If you have proof that you mailed/sent the rent, and they are refusing same, you need only retain such proof, and put money for rent to the side (maybe in escrow?) so that when the landlord commences a lawsuit for nonpayment you have your proof that landlord rejected rent. Have you always mailed in rent this way? How did you pay rent before the landlord started rejecting it? These are all questions that should be discussed with your attorney. Good luck!
Follow the method for payment of rent outlined in your lease and document your efforts at paying rent in accordance therewith, as outlined by my learned colleague. If the lease is silent on this point, follow the past practice you have used where the landlord has accepted rent. It is an excellent suggestion to place your rent monies in escrow, or a segregated bank account, if your landlord refuses to accept payment.
Why would a landlord refuse to accept rent? That's the one thing landlords should be happy to accept. I can only surmise your landlord is trying to build a case for eviction based on your non-payment of rent. I strongly recommend you proceed immediately to an attorney for a consultation on your case.
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Dear Brooklyn Tenant:
Your lease should state the method for sending the rent to the landlord, and if some reason, the lease does not do so, then the law does not require the tenant to go the distance to force the landlord to receive the rent. For a courtroom purpose, tendering the rent in a manner that is not burdensome to the landlord (such as making the landlord sign for delivery) is often the best method.
You would need to prove that you paid the rent. Paying the rent is getting the rent check to the landlord. The law cannot force the landlord to cash the rent payment, but then the landlord will not succeed in suing for rent that the landlord chose not to deposit or to receive.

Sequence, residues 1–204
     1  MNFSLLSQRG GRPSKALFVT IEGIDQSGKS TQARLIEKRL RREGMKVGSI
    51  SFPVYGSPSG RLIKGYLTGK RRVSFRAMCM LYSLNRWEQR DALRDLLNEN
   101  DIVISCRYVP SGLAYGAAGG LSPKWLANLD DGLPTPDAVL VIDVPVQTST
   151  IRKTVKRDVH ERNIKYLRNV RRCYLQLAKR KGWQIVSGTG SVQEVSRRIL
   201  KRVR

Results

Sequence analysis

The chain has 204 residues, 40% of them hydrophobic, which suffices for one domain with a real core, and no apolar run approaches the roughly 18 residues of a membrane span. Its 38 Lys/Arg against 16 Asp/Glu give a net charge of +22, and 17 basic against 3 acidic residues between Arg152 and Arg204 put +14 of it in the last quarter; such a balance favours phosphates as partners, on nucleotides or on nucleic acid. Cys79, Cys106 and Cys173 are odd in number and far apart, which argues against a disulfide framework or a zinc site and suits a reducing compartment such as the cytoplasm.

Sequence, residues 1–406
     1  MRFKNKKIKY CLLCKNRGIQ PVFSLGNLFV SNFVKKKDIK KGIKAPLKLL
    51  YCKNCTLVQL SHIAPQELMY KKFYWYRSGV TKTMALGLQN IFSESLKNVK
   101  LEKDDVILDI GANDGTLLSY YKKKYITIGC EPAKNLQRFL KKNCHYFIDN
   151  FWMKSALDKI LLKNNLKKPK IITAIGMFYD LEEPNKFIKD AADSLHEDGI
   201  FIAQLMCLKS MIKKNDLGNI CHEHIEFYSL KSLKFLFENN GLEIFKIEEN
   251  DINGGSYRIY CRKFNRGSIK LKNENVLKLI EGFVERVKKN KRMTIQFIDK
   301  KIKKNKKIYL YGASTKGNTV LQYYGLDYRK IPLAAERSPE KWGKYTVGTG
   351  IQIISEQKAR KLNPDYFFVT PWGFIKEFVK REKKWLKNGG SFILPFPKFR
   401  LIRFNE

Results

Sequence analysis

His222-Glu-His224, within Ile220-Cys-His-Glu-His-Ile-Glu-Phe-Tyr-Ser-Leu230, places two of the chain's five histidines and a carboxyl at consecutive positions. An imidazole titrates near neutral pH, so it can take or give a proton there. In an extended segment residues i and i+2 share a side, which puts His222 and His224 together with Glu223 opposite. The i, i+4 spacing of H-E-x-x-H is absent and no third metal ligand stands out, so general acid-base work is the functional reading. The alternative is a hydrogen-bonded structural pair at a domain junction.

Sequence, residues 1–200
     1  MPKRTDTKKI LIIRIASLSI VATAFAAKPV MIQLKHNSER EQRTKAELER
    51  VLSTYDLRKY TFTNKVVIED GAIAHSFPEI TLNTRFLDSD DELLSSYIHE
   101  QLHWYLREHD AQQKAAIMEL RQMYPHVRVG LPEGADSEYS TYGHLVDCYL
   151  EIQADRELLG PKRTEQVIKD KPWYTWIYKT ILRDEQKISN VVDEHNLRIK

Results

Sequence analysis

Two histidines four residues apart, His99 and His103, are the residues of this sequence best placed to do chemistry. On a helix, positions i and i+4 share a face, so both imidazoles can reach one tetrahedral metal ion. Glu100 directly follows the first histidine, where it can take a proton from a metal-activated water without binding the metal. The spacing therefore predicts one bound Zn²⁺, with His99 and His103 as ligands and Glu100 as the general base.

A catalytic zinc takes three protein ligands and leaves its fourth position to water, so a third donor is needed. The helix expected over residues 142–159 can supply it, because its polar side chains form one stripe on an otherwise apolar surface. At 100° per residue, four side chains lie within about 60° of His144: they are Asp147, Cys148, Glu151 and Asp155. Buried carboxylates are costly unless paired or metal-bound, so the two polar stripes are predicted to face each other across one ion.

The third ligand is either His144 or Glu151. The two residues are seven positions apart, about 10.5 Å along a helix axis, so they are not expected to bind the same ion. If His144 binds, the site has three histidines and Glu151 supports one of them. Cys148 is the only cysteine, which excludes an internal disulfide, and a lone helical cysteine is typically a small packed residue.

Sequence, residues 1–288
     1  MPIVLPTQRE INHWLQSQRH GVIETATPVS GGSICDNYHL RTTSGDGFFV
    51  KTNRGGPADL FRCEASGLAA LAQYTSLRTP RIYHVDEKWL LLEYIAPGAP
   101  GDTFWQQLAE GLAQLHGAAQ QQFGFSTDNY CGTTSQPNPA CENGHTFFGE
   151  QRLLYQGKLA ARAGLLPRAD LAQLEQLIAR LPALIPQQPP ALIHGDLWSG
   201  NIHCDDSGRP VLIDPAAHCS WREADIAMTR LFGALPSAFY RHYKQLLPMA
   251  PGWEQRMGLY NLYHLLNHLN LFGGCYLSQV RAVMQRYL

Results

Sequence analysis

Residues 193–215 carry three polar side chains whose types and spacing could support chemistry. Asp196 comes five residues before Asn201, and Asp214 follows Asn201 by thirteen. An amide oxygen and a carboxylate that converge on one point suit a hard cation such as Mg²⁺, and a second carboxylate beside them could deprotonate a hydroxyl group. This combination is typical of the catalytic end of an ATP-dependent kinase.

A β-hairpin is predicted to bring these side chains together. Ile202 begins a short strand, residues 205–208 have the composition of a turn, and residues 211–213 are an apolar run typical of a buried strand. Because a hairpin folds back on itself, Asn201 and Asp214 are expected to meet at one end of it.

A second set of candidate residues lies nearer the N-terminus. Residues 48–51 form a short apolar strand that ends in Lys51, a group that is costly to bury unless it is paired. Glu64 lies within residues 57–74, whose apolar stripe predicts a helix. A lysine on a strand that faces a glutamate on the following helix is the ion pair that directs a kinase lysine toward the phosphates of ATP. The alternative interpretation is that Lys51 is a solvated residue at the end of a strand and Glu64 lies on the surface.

If you make a copy of the rent check, the envelope you are using to mail the rent (properly addressed with the proper postage) and mail the check enclosed in the envelope to the landlord by Regular First Class Mail (with a purchased Certificate of Mailing), then you would be using a method that would put the envelope into the landlord's mailbox, delivered by a USPS letter carrier, and the certificate of mailing is proof that you mailed the envelope. If for the landlord still finds a way to send the mail back to you, then you also have the proof that you mailed the envelope and paid the rent (do not open the envelope if it comes back to you)
A rent controlled tenant may file a harassment complaint at the New York State Division of Homes and Community Renewal (DHCR) against the landlord for refusing to accept the rent, among other wrongful acts of the landlord.
And since this seems that it may be one aspect of a real big case affecting your tenancy, hiring an attorney may be a good move.
The answer provided to you is in the nature of general information. The general proposition being that you should try to avoid a bad outcome if you can.